So everyone now knows that the 124 is basically a re-bodied re-engined Miata.
Look at the body.
This a homerun.
They did Miata better than Mazda.
This beautifully echoes the original Fiat 124 Spyder.
Absolutely one of the most beautiful affordable cars ever made.
And they did it in a way that's not going to date as badly as I fear the current Miata is going to with its little beady eyes.
Needlessly angry face.
This is a timeless, classy looking little ride.
Overall, it's about five and a half inches longer than a Miata.
Most of that [INAUDIBLE].
A little in the ramp.
95 pounds heavier as you might imagine.
Otherwise, dimensions inside and in the underpinnings are the same.
Now, the cabin of the Miata, sorry, the 124 is very Miata.
It's snug in here but it's a little more roomy than some of the earlier cars you may have driven back in the day.
I fit but I don't fit for like a drive for five hours.
You need to make some stops shall we say.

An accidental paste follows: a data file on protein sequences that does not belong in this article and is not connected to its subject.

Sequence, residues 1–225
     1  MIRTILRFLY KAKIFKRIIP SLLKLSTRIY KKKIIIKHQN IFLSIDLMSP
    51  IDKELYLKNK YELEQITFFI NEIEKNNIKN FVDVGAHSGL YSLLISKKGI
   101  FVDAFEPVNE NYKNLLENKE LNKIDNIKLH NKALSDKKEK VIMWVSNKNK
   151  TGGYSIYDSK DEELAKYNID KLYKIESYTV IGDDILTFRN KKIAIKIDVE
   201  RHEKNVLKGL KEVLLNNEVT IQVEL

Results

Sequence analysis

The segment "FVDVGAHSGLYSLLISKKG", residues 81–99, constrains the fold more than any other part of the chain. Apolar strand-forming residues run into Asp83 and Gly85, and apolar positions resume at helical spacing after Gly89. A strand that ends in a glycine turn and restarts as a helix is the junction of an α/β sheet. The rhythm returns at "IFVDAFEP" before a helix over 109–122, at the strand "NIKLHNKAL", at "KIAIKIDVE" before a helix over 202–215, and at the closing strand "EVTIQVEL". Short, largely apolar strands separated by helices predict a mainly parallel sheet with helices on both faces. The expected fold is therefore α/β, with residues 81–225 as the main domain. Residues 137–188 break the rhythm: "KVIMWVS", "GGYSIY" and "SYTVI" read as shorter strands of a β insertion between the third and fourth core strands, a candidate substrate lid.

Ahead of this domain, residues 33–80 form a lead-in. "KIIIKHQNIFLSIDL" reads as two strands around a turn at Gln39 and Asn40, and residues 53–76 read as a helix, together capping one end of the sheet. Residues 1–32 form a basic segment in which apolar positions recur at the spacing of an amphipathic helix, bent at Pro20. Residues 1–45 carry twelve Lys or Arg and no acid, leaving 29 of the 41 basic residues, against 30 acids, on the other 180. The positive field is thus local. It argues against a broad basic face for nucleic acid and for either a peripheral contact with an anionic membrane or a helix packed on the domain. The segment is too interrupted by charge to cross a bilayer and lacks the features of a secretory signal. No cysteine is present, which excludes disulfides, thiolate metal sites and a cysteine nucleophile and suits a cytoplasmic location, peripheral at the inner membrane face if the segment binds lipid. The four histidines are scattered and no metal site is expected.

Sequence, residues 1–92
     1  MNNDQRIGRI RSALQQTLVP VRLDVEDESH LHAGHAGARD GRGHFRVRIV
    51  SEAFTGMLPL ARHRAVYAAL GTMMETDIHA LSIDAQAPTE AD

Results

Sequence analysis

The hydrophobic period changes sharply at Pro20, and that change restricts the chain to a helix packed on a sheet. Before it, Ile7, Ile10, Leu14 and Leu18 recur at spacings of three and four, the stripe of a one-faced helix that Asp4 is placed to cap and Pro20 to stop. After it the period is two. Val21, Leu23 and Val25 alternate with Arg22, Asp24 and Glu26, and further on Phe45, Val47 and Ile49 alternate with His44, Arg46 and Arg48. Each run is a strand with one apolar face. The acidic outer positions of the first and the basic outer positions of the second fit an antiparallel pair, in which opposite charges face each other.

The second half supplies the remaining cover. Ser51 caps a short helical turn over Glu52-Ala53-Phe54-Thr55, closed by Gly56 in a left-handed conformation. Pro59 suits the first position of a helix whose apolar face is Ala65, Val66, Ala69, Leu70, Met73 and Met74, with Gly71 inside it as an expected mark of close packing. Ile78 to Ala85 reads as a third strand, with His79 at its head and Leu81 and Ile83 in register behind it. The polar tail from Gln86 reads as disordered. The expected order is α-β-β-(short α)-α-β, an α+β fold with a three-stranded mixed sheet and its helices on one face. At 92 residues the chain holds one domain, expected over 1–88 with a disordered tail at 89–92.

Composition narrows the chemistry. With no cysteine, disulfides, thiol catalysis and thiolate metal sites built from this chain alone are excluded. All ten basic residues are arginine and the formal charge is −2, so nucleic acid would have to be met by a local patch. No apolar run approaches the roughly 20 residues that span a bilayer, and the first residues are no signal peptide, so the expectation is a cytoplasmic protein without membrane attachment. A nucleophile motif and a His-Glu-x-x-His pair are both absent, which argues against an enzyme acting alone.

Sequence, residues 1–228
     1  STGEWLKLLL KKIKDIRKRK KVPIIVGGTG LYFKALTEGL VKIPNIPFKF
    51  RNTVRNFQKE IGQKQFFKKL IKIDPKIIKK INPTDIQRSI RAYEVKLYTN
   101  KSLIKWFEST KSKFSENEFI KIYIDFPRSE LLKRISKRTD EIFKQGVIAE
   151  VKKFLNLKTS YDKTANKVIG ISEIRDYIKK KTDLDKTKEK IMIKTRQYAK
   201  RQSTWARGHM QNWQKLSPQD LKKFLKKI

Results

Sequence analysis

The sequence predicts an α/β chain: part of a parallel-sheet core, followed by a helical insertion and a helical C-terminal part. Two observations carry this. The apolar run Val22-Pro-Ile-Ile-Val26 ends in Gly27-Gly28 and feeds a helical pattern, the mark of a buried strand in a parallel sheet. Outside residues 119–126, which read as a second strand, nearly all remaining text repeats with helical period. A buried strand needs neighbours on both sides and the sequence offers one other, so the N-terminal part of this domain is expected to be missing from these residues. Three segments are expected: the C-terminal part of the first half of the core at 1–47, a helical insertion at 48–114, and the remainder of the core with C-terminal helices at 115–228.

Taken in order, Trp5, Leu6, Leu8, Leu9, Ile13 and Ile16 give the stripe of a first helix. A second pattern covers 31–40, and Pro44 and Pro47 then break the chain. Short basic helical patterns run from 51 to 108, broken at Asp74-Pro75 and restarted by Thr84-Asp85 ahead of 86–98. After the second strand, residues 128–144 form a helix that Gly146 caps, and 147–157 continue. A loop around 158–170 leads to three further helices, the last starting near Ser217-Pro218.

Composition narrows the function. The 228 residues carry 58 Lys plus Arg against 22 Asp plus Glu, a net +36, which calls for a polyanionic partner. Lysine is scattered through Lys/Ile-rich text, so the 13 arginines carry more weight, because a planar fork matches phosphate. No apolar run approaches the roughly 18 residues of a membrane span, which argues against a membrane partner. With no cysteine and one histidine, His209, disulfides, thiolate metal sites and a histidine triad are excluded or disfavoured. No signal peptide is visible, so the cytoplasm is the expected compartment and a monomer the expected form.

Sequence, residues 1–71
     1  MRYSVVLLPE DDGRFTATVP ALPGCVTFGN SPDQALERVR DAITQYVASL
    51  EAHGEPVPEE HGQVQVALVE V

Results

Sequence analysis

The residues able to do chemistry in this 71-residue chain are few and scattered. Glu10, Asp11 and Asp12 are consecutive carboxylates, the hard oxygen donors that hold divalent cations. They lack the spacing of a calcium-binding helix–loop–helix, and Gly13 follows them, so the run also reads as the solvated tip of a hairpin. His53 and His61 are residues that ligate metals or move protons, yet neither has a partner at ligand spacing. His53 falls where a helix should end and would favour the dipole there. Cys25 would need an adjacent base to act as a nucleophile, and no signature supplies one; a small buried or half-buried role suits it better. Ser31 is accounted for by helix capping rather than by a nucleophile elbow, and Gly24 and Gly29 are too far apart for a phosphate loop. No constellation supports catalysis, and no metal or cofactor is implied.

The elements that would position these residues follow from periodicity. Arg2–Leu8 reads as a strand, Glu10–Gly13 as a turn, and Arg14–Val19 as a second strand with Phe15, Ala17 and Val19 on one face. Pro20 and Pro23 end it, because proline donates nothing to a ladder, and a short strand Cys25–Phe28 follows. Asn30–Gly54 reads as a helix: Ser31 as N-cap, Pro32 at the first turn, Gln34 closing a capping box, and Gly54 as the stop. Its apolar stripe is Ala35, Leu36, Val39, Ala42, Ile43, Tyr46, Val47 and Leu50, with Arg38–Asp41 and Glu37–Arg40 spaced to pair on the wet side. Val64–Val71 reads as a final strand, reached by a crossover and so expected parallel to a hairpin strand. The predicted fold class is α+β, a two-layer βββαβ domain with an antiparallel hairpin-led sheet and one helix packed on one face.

Beyond that extremely Mazda.
Fiat badge, that's about all they changed in terms of this whole area.
You do have a little nicer trim all around the cabin.
Very upscale kind of an Italian feel, but not dramatically different.
This head unit you recognize, that's straight up Mazda stuff.
You've got a nice array of entertainment sources that are generally modern.
But notice there's no car player android auto because Mazda doesn't support that in this head unit and the Fiat Uconnect unit doesn't work in here.
The seats are different as well.
And I wanna call attention to those, notice that the back covers are kinda loose.
It's almost like a sling you're sitting in.
You're either gonna like this and think it's really cozy or like me you're gonna think it's really weird like getting a hug from behind from a weird uncle.
After a while, I just wanted to get away from it.
Improved audio's important in open-top cars.
You need a little more muscle, a little more definition helps.
And this guy, as you can see, had some speakers in the headrest right next to the Bose badge.
And of course, being the nature of this car, storage is at a premium.